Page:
A neglected protein-rich ‘superfood’
By Isabelle Gerretsen
The idea of biting into a burger made from crushed crickets or mixing mealworms into your fried rice may take a little getting used to. But even if the thought of eating insects turns your stomach now, bugs could – and some researchers say should – form an important part of our diet.
While the West might be unusually squeamish about insects, people have been eating them for thousands of years, and in many parts of the world the practice is commonplace. Around 2,000 insect species are eaten worldwide in countries across Asia, South America and Africa. In Thailand, heaped trays of crisp deep-fried grasshoppers are sold at markets and in Japan wasp larvae – eaten live – are a delicacy.
Yet in Europe, just 10% of people would be willing to replace meat with insects, according to a survey by the European Consumer Organisation. To some, this unwillingness to eat insects is a missed opportunity.
“Insects are a really important missing piece of the food system,” says Virginia Emery, chief executive of Beta Hatch, a US start-up that creates livestock feed out of mealworms. “[They] are definitely a superfood. Super nutrient dense, just a whole lot of nutrition in a really small package.”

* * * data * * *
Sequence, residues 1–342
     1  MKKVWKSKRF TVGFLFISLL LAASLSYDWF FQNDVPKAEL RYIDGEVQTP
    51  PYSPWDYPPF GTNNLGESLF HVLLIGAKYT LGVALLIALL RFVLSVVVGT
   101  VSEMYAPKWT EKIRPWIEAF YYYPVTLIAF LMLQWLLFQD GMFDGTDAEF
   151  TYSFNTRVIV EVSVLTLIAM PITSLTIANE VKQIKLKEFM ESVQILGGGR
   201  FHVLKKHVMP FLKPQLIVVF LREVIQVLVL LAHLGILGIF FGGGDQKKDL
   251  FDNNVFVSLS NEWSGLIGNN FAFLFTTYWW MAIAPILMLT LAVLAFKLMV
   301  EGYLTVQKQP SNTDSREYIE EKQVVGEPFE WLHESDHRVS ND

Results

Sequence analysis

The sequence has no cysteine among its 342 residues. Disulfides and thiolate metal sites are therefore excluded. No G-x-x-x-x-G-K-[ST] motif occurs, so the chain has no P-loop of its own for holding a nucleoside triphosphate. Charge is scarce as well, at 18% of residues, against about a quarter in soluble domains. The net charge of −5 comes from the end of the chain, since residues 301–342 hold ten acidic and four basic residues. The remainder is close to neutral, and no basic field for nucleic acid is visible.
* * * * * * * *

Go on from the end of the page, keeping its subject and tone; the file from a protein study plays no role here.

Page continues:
Agriculture is the biggest driver of global biodiversity loss and a major contributor to greenhouse gas emissions. Rearing livestock accounts for 14.5% of global greenhouse gas emissions, according to the United Nations Food and Agriculture Organization (FAO).
“We’re in the middle of a biodiversity mass extinction, we’re in the middle of a climate crisis, and yet we somehow need to feed a growing population at the same time,” says entomologist Sarah Beynon, who develops insect-based food at the Bug Farm in Pembrokeshire, Wales. “We have to make a change and we have to make a big change.”
Insect cultivation uses a fraction of the land, energy and water required for traditional farming, and has a significantly lower carbon footprint. Crickets produce up to 80% less methane than cows and 8-12 times less ammonia than pigs, according to a study by researchers at the University of Wageningen in the Netherlands. Methane is a highly potent greenhouse gas which, although shorter-lived in the atmosphere, has a global warming impact 84 times higher than CO2 over a 20-year period. Ammonia is a pungent gas and air pollutant that causes soil acidification, groundwater pollution and ecosystem damage.
> Source: BBC Future